Above all, if an alcoholic opens up to you about their addiction, be respectful and discreet.

This isn’t a subject for gossip. You should only tell others if you feel the addict’s life is in danger, if you know someone has been through something similar, or if the addict has asked you to.

Don’t Say “Rehab Is Going to Turn You into a Completely Different Person”

We’ll keep this one short and sweet.

The goal of rehab is to help the alcoholic to get back to who they were before they started boozing.

It’s not to make them someone they’re not and never have been.

Instead, it’s designed to help them beat these addiction demons and get their lives back on track. They won’t become a “new” person. Instead, they’ll become the best version of themselves.

While in rehab, the addict in your life will learn about several coping mechanisms. They’ll have to confront very real — and very difficult — past issues and even traumas in their lives.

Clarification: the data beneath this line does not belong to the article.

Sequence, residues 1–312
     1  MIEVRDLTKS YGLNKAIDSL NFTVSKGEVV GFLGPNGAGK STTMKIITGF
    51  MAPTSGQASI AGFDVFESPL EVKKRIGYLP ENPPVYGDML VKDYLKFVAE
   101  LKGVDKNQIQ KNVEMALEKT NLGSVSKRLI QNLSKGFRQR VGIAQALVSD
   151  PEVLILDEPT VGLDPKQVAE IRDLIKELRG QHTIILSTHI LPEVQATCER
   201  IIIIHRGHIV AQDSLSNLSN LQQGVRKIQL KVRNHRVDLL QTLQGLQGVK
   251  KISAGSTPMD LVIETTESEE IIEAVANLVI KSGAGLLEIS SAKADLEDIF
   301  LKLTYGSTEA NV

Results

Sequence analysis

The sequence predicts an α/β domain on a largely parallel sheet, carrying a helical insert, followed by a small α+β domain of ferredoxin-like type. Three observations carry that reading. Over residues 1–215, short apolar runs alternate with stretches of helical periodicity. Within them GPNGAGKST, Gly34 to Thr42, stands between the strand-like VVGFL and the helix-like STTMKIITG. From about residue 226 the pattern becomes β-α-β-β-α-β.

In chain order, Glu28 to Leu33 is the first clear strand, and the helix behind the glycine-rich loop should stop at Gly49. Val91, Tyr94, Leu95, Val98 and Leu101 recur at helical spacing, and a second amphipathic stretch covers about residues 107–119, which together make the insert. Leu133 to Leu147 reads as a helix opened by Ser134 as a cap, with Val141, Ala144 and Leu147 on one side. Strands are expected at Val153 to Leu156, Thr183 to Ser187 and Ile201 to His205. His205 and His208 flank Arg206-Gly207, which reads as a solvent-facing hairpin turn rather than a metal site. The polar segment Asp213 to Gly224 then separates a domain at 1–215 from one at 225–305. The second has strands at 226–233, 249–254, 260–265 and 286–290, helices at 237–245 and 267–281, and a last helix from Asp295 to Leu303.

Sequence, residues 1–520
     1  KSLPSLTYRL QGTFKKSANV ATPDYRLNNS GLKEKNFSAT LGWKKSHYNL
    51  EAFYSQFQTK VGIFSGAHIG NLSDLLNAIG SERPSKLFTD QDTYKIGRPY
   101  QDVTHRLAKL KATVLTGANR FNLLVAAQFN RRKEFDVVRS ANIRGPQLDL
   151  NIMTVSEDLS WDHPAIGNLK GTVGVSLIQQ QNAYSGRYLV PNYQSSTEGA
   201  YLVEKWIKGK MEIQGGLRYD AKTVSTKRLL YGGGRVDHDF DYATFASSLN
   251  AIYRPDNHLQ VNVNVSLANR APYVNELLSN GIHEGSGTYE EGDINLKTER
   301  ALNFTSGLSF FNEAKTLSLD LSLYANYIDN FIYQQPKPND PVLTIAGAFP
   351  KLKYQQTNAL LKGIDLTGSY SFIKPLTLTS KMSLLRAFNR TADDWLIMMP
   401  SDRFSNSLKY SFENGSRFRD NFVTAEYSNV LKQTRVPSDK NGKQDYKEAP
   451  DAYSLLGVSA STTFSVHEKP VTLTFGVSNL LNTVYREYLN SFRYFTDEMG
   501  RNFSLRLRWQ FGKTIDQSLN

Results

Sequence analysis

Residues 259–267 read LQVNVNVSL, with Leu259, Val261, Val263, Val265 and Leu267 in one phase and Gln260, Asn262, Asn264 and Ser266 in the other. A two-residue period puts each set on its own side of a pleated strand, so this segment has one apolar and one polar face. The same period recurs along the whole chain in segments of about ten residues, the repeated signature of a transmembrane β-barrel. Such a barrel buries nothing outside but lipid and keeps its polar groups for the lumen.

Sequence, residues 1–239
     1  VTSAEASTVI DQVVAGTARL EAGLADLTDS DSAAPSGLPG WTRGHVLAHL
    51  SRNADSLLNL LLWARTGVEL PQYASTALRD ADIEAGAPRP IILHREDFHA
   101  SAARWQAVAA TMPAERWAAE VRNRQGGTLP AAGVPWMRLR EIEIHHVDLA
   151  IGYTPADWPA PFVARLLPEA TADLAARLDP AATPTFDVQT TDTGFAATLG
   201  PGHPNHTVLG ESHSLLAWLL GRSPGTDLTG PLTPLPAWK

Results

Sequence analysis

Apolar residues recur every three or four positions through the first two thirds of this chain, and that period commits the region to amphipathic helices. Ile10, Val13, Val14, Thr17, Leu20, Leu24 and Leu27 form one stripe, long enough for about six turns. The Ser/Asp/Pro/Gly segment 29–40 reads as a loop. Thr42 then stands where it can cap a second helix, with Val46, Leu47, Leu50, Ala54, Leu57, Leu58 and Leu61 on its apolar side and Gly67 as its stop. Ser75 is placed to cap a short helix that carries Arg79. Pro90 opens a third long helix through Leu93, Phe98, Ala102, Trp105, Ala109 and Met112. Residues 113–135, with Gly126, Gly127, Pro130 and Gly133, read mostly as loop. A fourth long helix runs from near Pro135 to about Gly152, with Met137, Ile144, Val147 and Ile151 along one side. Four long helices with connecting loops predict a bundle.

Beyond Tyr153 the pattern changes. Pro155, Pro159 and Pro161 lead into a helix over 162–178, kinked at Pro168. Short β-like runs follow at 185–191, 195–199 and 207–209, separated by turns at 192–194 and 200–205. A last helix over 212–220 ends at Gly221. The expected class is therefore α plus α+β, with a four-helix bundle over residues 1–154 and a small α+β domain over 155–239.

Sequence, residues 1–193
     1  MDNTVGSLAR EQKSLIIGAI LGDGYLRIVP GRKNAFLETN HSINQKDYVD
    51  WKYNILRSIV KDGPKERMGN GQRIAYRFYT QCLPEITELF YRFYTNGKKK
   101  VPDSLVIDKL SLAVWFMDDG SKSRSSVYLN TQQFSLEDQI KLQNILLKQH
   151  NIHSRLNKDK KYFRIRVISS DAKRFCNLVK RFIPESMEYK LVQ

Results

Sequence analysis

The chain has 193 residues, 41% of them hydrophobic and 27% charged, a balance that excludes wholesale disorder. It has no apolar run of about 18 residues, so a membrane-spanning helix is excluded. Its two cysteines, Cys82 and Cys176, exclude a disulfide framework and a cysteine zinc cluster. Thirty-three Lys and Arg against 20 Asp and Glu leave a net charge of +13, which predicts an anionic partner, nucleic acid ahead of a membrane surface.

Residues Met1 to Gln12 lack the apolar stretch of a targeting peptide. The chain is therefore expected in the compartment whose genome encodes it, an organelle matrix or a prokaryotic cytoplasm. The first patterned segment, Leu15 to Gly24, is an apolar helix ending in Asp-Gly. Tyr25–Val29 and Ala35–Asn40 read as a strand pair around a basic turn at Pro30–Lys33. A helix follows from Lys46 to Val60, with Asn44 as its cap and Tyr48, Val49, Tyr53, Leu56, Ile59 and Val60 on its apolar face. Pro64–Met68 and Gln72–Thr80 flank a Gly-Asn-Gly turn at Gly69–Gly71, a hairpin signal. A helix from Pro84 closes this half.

They may even have to start using medication like antidepressants. Most of all, they’ll need to commit to a completely sober lifestyle.

None of this means that the addict inside of them is dead. It can return at any time. As someone playing a supporting role in their recovery, it’s up to you to help them to keep the urge to use at bay.

This will require some serious love and sacrifice on your part. Make sure that you’re really ready for it.

Try “I’m Proud of You and I’ll Be Here for You When You Get Out”

You need to keep in mind that someone doesn’t magically stop becoming an alcoholic just because they’ve successfully completed treatment.

They’ll need lots of love and support once they get out of the insular environment of rehab.

The transition back into the real, sober world can sometimes be harrowing for addicts. Often, this is what ends up causing them to relapse.

Make it clear that you’ll be there to support them through every stage of their journey. You can offer them a place to stay when they get out, or even just invite them to hang out with you and your friends.

You have no idea what kind of a difference even a small gesture like this could make.